Lorna cried. Baby cried. I looked at Cara Liana and was surprised how much her tears looked like mine. After years of waiting and hoping and yelling at God and hoping some more and giving up and then hoping again, there she was, bloody and beautiful, our own baby girl! Our little family of three hugged and laughed tears together.

But Lorna’s long eighteen hour labor had taken a toll on both mommy and baby. The doctors were afraid that Lorna and Cara may have been exposed to infection during the labor process, so they were both given antibiotics. They monitored Cara for two days, hoping that her color would return to normal. Satisfied enough, they released us from the maternity ward on Christmas Day.

“What an incredible Christmas gift!” I said. Lorna agreed. “She’s our little stocking stuffer!”

We went home, only to rush her to the emergency room thirty minutes later as her temperature spiked and skyrocketed. Thirty minutes. It was a short lived Christmas jubilation.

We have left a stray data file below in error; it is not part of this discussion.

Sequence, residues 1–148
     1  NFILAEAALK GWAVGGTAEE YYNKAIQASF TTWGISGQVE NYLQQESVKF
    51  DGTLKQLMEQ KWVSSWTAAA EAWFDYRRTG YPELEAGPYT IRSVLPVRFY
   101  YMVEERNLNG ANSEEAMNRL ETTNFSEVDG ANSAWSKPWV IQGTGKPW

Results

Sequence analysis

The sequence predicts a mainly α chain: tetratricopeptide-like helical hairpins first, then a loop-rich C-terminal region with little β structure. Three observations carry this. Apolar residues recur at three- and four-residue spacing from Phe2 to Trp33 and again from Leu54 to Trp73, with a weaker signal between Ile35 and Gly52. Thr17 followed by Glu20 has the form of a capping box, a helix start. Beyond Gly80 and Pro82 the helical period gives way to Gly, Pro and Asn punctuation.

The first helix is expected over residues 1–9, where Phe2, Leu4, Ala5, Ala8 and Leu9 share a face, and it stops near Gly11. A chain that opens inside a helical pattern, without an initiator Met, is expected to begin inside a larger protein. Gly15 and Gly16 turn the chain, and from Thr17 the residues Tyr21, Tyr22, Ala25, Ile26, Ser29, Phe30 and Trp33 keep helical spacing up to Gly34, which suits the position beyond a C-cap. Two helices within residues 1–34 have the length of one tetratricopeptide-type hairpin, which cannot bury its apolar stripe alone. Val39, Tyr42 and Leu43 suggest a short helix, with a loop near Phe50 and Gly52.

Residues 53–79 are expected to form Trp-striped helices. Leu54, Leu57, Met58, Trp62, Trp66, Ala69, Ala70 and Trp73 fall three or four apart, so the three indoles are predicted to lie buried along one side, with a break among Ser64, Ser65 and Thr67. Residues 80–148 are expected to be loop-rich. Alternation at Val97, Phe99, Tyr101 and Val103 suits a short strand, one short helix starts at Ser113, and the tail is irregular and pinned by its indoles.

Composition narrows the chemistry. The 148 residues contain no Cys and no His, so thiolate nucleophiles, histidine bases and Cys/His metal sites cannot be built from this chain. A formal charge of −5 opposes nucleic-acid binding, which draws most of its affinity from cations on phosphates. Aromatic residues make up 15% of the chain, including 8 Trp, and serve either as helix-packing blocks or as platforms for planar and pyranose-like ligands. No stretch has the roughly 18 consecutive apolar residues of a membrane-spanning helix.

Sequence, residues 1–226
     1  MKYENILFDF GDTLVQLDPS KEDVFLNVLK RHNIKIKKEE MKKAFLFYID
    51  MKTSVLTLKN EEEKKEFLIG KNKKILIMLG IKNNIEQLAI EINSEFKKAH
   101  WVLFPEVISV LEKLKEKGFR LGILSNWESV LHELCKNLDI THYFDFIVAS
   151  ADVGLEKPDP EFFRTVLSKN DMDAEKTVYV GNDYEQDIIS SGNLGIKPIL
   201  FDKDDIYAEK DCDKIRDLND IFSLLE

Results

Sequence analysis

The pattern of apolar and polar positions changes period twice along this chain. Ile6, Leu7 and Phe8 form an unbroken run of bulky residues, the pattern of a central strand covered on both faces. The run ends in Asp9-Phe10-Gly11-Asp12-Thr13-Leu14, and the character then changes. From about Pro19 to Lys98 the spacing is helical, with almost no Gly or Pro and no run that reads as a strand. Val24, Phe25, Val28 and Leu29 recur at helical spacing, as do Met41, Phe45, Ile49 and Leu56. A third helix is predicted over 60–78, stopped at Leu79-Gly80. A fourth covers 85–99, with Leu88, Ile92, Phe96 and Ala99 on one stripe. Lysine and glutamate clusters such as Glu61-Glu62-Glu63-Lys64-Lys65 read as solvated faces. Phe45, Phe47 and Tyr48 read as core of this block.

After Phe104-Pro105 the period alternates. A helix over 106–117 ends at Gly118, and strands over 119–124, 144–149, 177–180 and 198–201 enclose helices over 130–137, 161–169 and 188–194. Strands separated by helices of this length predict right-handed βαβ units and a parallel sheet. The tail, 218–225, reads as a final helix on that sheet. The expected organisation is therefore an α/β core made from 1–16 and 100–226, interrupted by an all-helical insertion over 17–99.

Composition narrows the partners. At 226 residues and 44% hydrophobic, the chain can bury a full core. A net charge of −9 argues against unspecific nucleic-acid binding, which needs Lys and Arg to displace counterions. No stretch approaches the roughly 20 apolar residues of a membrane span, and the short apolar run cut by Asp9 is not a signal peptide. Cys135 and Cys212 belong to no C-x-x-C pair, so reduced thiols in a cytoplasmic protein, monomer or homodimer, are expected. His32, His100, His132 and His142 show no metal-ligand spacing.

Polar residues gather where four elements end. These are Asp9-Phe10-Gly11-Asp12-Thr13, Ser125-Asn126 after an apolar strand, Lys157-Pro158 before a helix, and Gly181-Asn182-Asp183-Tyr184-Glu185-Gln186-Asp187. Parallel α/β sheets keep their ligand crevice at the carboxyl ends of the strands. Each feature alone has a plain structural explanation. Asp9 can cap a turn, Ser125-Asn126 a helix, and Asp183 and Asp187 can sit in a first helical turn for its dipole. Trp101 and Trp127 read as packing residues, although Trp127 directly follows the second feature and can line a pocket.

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She was admitted to the neonatal intensive care unit. For one week we worried about our miracle baby as her tiny immune system struggled with the help of antibiotics to fight neonatal sepsis. I cried as I gazed through the glass as she slept with IV’s in her foot under the blue luminescent photo therapy lamp.

How could this have happened? After nine years of marriage, five failed intrauterine insemination procedures, Lorna’s stage four endometriosis, laparoscopy and hysteroscopy surgery, and one final successful IUI, there she was in critical condition. She laid there placid opposite the glass, then squirmed ever so slightly. A bitter tear streaked down my cheek, wet and salty. I was angry and confused. I was sad. I was mad at God, mad with an underlying hope and love.